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KajoPicks: 5 performances we loved during RWMF 2019

If you were there during Rainforest World Music Festival (RWMF 2019), chances are you may still be suffering from post-RWMF withdrawal.

Despite a claim on international media last year that the festival was a dying brand with no new stories being told, the festival has definitely proven the critics wrong.

The number of festival goers this year hit 23,650 people – the highest it’s been since RWMF started in 1998.

And if you were one of those thousands who danced beneath the moonlit sky with the Santubong mountain in the background, you might not have realised how big the crowd was.

It was definitely good to see the festival highlight more local Sarawakian performers such as Suku Menoa, Suk Binie’, Kemada, Staak Bisomu and crowd favourite, At Adau.

With so many performers from all five continents gathering at Sarawak Cultural Village for three days, it was definitely hard to choose our favourites.

But here are KajoMag’s picks for our five favourite acts during RWMF 2019 which took place from July 12 to 14.
1.Duplessy & The Violins of the World (France, Mongolia and Sweden) featuring Guo Gan (China)

The beauty of Rainforest World Music Festival has always been the ability to bring artists of different musical styles and cultures to perform on the same stage.

And this year, one of the performances which managed to do that beautifully and successfully was the performance by Duplessy & The Violins of the World featuring Chinese erhu musician, Guo Gan.

Four soloists- Mathias Duplessy, Guo Gan, Naraa Puredorj and Aliocha Regnard – came together for two different sets called “Marco Polo” at the Theatre Stage and “Crazy Horse” on the Tree Stage.

Inspired by the Italian explorer who travelled through Asia, “Marco Polo” gave the audience a crossover of Western and Asian classical music, while “Crazy Horse” truly reflected its name with fast-paced, cantering rhythms and swinging tunes.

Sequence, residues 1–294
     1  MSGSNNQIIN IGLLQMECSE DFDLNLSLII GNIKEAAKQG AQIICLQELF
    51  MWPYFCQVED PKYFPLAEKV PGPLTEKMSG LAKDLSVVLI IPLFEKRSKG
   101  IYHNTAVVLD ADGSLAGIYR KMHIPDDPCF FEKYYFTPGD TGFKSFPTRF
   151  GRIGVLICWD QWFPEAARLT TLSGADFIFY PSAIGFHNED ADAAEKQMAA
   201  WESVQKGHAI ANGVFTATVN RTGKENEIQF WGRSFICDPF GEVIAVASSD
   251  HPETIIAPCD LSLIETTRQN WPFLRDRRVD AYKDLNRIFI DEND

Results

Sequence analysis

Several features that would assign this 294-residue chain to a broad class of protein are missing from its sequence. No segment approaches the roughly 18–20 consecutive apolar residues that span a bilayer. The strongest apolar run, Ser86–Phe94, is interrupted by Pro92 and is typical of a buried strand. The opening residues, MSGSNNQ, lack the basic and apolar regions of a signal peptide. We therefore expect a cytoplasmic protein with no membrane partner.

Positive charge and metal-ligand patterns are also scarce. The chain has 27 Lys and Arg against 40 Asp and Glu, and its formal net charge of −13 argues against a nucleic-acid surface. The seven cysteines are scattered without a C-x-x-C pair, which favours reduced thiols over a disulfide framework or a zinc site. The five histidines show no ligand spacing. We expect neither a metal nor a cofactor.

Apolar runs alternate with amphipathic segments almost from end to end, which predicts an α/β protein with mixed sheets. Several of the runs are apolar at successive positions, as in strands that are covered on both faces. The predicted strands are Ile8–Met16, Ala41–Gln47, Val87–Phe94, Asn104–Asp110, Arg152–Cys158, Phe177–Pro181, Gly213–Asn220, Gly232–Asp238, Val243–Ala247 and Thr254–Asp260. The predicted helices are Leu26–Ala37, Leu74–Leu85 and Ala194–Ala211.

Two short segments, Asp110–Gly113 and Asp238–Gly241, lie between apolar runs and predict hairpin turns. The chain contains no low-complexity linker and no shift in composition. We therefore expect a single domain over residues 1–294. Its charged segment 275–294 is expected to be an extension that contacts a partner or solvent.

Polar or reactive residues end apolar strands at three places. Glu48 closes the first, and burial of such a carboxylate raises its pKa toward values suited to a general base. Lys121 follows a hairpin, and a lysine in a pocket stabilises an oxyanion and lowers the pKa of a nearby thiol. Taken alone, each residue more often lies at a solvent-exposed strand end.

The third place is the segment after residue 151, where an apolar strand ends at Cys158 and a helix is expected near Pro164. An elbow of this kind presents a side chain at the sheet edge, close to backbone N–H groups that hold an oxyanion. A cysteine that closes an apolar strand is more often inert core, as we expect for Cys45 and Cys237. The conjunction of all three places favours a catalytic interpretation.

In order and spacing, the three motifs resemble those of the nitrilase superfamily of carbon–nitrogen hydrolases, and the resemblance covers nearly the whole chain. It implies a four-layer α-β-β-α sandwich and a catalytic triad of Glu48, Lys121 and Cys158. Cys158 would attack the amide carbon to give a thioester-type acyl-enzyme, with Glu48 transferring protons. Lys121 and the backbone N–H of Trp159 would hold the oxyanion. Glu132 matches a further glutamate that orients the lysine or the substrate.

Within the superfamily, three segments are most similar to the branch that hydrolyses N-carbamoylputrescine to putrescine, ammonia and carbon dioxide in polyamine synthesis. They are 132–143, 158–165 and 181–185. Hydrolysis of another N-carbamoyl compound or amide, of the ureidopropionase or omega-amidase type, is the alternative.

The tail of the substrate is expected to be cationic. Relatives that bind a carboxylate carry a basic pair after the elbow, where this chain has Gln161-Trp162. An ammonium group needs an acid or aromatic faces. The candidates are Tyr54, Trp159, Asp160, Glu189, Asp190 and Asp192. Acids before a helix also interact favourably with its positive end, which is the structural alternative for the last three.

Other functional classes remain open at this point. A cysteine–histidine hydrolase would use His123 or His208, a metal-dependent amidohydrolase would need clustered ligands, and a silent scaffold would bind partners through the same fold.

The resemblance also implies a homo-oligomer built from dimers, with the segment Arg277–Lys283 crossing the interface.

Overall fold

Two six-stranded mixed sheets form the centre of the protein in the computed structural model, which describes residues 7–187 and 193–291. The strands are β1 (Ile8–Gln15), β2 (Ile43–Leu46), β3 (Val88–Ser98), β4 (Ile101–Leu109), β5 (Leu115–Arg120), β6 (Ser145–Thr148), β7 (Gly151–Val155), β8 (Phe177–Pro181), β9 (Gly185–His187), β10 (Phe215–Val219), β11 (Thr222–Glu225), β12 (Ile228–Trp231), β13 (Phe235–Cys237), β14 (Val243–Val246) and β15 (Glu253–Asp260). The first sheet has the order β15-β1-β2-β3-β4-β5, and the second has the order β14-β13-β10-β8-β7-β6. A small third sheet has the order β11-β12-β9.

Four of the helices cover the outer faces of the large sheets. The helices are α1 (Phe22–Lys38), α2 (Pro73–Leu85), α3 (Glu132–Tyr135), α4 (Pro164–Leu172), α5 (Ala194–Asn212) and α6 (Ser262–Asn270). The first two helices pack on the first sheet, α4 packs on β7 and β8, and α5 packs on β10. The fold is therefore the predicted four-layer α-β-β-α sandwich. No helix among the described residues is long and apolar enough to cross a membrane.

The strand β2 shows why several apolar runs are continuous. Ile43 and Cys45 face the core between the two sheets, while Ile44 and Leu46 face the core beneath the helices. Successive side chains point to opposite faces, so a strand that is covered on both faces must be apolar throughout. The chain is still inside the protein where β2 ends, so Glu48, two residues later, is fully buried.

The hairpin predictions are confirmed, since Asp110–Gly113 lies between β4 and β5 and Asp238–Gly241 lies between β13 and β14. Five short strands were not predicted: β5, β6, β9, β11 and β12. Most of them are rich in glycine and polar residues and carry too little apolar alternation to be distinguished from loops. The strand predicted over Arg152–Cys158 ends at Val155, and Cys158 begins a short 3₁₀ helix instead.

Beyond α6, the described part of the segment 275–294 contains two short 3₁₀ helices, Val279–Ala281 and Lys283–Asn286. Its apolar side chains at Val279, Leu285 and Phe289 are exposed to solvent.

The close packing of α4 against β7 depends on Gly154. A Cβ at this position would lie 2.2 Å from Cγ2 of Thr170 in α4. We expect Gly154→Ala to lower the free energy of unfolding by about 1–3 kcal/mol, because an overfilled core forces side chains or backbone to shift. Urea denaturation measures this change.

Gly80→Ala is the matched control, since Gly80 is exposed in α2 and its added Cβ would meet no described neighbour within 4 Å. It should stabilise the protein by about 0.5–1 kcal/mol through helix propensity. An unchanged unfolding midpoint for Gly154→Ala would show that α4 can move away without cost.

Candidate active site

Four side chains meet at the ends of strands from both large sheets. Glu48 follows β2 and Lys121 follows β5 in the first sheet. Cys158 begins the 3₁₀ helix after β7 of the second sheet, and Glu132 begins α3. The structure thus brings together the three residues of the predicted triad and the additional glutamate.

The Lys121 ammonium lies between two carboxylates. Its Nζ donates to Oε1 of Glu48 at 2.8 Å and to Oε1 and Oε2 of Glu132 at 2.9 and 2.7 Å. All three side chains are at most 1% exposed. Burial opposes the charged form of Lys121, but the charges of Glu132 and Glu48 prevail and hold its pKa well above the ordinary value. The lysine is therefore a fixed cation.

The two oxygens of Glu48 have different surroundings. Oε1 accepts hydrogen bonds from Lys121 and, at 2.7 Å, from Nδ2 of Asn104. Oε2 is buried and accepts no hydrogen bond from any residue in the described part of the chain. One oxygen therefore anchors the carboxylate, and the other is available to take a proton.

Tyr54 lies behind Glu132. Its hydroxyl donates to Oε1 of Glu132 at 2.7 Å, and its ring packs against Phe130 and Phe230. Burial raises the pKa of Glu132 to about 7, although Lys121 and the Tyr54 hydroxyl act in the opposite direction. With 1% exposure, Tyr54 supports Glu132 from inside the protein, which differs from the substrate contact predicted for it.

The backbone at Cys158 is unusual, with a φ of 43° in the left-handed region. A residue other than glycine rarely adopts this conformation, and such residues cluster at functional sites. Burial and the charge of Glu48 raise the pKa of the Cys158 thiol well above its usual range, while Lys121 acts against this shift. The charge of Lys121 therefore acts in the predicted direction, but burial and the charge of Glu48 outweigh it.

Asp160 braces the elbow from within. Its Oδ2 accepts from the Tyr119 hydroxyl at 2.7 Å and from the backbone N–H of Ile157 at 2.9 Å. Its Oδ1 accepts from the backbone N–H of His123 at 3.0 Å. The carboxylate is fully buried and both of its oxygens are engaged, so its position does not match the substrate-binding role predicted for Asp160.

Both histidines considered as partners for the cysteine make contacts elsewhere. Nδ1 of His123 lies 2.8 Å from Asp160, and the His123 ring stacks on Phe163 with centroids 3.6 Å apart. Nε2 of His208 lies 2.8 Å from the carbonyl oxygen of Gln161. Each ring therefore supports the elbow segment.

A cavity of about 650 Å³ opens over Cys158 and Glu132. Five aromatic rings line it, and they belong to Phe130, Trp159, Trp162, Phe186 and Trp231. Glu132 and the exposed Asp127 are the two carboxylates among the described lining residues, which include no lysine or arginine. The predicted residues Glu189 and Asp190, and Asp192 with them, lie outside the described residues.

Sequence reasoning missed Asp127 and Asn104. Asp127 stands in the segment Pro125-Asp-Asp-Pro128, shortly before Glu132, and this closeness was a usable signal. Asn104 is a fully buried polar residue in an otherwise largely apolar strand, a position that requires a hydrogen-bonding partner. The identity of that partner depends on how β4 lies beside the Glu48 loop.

Their performances might have been a fusion between East and West cultures, but there was no confusion among the audience who was listening.

It was definitely a nice eclectic mix of classical guitar (Duplessy), erhu (Guo Gan), traditional Swedish string instrument the nyckelharpa (Regnard) and the Mongolian fiddle (Naraa).

2.Otava Yo (Russia)

This group of seven musicians from St Petersburg had a goal: to shatter the stereotype that Russian folk music was boring and undanceable.

Judging by how the crowd danced on Friday night during their performance, Otava Yo definitely achieved their goal.

Using instruments such as the Russian fife, gusli (Russian psaltery), the bagpipe and fiddle, they gave a performance which transcended languages and cultural boundaries.

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Otava Yo. Credits: RWMF Official Photograph
3.Kila (Ireland)

If you are a veteran RWMF festival goer, then Kila might be a familiar act. They performed in RWMF back in 2013 and they were back again this year.

Kila is a musical ensemble of eight Dubliners centering around Irish classic, folk and rock music.

BBC World Review once described their music to be ‘one of the most beautiful euphoric live experience’ and we agree.

Kila gave a phenomenal performance as the last act on Friday night and they outdid themselves when they performed with Oki Kano, an Ainu Japanese musician on Sunday night.

Who knew a collaboration between the sounds of Dublin and Hokkaido would blend perfectly together?

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Kila performing on Friday night. Credits: RWMF Official Photograph.
4.Macka B (United Kingdom/Jamaica)
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Macka B. Credits: RWMF Official Photograph.

According to Macka B, Sarawakians have the reggae spirit in them and we couldn’t agree more: the moment Macka B took over the mic on Saturday night, the audience was immediately taken by his stage presence.

With a career spanning nearly four decades in the United Kingdom and Jamaica, Macka B was definitely a seasoned performer and an expert on working the crowd.

He brought the house down with songs you would expect a reggae artist to sing; peace, love, a tribute to Bob Marley and marijuana.

But Macka B’s hit “Wha Me Eat”, in which he raps a long list of food he eats as a vegan was definitely one of our faves.

Most RWMF 2019 festival goers might never have been to Jamaica but he had us screaming “Ya man!” all night.

5.Tabanka (Cape Verde)

If Tabanka could bottled up their energy and sell it, I would definitely be the first in line to buy it.

This band who performed as the final act during the final night of Rainforest World Music Festival 2019 had an infectious, excessive energy on stage.

They introduced funana, an accordion-based music and dance genre from Cape Verde.

The genre was once forbidden by the Portuguese colonial rulers but later became part of the post-Independence Cape Verdean identity.

Check out their official music video down below and you would understand why we loved them.

Who were your personal favourites during RWMF 2019? Let us know in the comment box.

Which type of RWMF goer are you? Here are 10 types that we usually see during the festival.

Here is throwback to who we loved during Rainforest World Music Festival 2017.

5 things to do at Danau Sentarum Festival in West Kalimantan this October

Danau Sentarum Festival is an annual event organised in Kapuas Hulu District which was started in 2012.